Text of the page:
Litigation, Litigation

Courts cannot authorize service on a person residing abroad except in strict compliance with the Hague Convention

Dec 13th, 2018

By Laurent Debrun

The Superior Court decided this week that the Hague Convention is binding on courts when it comes to serving on a person residing abroad a proceeding introductory of suit.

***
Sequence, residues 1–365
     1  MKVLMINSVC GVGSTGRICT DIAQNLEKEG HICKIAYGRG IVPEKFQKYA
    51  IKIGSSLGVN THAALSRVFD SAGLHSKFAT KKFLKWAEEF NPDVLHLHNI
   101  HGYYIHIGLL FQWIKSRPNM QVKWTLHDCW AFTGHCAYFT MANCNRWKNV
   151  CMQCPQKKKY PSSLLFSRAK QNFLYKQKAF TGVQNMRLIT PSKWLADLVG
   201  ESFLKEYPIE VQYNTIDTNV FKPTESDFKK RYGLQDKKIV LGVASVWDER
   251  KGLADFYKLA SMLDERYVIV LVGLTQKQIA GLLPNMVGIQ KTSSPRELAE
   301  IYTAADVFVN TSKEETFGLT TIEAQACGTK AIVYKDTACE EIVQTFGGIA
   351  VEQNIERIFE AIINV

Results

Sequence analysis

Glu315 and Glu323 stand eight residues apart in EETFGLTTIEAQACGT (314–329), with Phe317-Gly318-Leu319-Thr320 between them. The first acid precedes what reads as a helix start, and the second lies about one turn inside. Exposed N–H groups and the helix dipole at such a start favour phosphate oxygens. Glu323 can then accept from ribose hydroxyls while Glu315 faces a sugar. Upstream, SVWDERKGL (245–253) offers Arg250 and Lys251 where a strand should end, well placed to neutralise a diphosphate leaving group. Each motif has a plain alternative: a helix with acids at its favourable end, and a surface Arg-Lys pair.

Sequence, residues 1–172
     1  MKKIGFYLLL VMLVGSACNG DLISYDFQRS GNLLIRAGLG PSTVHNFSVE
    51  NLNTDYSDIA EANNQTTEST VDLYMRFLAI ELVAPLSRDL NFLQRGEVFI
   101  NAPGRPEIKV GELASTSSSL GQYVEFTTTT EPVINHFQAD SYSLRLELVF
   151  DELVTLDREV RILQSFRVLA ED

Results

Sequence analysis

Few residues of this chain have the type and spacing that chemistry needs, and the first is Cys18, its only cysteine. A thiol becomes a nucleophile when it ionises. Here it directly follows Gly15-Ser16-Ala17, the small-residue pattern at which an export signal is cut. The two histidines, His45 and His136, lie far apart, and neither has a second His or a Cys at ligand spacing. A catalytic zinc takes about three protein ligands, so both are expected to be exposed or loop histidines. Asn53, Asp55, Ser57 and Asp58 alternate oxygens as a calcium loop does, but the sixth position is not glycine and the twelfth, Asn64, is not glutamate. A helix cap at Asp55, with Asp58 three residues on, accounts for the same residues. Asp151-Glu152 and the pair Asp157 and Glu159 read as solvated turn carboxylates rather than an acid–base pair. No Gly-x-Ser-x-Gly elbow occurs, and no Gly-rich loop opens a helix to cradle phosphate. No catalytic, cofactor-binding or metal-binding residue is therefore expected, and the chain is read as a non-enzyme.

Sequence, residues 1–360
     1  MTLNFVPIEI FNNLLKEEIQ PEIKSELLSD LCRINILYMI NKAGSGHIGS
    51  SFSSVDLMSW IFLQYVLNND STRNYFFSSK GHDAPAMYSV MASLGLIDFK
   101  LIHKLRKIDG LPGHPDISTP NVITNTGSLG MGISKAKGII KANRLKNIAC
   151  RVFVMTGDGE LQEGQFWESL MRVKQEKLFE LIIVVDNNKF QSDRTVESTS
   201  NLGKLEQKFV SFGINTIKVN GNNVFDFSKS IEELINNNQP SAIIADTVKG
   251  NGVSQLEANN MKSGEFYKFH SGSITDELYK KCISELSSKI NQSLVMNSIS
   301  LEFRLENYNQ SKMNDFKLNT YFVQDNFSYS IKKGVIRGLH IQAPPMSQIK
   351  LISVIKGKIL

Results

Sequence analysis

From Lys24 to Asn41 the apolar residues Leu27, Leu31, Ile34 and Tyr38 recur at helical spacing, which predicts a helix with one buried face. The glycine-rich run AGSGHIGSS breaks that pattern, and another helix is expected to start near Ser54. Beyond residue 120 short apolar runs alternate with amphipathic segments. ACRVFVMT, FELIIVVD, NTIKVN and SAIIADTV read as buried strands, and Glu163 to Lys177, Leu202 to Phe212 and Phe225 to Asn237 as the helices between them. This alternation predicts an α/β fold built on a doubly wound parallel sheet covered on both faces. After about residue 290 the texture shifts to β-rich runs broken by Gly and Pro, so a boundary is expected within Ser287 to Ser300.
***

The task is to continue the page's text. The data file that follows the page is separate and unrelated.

Here the trustee in bankruptcy had obtained from the Registrar, by motion, leave to serve by email introductory proceedings on two persons residing in the Bahamas. The Registrar considered that section 112 of the Code of Civil Procedure (CCP) gave the court the legislative support for such mean of service. On appeal from the decision of the Registrar, the Superior Court quashed the decision, holding that service of introductory proceedings on a person residing abroad, in a country (here the Bahamas) itself a signatory party to the Convention on service and notification abroad of judicial and extrajudicial acts in civil and commercial matters (The Hague Convention), had to be performed strictly according to the Hague Convention, without courts being allowed to provide for a different process  (1) Syndic de Liquid Nutrition Franchising Corporation, 2018 QCCS 5014 -


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